The Zone of Interest by Jonathan Glazer [10/10]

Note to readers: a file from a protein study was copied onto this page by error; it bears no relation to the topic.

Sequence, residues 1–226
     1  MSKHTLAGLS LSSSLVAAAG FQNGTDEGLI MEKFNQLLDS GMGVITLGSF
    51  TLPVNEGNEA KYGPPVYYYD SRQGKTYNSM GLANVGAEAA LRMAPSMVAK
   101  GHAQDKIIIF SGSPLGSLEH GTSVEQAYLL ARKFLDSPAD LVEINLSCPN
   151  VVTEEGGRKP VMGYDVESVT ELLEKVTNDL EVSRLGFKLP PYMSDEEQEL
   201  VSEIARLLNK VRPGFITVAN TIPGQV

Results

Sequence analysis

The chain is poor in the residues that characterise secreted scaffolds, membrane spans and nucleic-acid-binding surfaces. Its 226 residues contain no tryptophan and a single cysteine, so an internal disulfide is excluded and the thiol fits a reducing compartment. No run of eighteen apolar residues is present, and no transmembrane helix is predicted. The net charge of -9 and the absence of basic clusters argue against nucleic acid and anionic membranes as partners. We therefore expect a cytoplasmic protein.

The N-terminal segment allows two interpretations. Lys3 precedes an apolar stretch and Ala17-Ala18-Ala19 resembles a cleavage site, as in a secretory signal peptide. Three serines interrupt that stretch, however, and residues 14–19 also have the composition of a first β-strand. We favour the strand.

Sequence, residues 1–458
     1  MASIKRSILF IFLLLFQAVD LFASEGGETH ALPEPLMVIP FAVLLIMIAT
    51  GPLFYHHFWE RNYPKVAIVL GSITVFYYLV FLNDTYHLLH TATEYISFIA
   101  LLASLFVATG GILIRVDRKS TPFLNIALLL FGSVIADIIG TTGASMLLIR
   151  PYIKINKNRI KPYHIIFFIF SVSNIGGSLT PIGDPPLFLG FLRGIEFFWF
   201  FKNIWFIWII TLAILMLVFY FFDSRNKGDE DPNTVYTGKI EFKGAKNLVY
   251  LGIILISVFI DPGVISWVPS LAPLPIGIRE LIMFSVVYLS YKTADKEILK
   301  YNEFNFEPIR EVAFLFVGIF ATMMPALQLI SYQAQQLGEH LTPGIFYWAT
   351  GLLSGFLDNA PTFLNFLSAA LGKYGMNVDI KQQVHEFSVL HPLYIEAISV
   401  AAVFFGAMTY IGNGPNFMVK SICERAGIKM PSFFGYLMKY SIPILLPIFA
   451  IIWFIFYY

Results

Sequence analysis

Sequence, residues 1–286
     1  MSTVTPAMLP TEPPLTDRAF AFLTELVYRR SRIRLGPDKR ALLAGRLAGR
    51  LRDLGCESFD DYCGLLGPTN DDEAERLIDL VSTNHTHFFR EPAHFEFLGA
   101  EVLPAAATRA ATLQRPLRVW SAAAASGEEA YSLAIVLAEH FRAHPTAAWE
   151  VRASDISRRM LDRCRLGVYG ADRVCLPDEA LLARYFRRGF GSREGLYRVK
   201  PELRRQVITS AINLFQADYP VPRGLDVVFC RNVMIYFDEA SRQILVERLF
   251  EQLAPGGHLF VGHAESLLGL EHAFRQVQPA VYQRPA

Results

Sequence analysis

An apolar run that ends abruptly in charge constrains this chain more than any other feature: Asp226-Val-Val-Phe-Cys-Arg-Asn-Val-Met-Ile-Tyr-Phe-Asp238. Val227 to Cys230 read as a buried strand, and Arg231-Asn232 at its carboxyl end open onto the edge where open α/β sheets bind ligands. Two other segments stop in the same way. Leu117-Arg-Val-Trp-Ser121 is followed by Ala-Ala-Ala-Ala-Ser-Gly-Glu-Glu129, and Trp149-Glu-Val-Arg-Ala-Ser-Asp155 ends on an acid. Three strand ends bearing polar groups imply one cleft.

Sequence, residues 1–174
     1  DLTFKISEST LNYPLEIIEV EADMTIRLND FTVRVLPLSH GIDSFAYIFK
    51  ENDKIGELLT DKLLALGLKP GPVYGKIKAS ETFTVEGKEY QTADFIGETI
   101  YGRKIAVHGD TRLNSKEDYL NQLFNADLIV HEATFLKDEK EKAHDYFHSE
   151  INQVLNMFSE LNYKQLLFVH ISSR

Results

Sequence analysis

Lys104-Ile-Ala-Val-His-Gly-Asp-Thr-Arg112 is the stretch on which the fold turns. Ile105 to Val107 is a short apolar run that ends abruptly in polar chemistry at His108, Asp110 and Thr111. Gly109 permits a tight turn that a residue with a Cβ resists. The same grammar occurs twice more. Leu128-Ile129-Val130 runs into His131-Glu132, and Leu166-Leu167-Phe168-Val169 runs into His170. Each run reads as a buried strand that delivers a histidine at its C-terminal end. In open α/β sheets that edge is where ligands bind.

I read Martin Amis’s wonderfully, horribly strange novel, The Zone of Interest, a decade ago, amidst an unsuccessful attempt to learn about evil, in particular whether evil is inherent or environmentally formed. Who could have imagined anyone would fashion a narrative about the domestic lives of the monsters running Auschwitz’s death camps? I cannot recall much about that novel (around that time I gave up on trying to “understand” evil), but I dreaded seeing Jonathan Glazer’s film of the same name. Glazer, in the end, uses little of Amis’s storyline, instead dwelling on the domestic life of Rudolf Höss, Auschwitz’s inhuman commandant, in a slowly unfolding, inexorable litany of implied horrors and banal inanities. The Zone of Interest is everything I shrank from, a glimpse at inhumanity at its worst, an inhumanity of ignoring and dehumanizing. Christian Friedel perfectly captures the ordinary-but-rabid Rudolf and Sandra Hüller is equally effective as his shallow-as-shit wife. Mica Levi’s score is bleak, bleak, bleak, while Glazer pans through the lives of family, with lots of children shots, whilst also indulging in artistic touches such as an opening black scene and a fairytale told under the gaze of thermal night-vision goggles. So much is implied that The Zone of Interest is properly a horror movie, but it’s one that, in line with the “lest we forget” cliche, we must, must watch.

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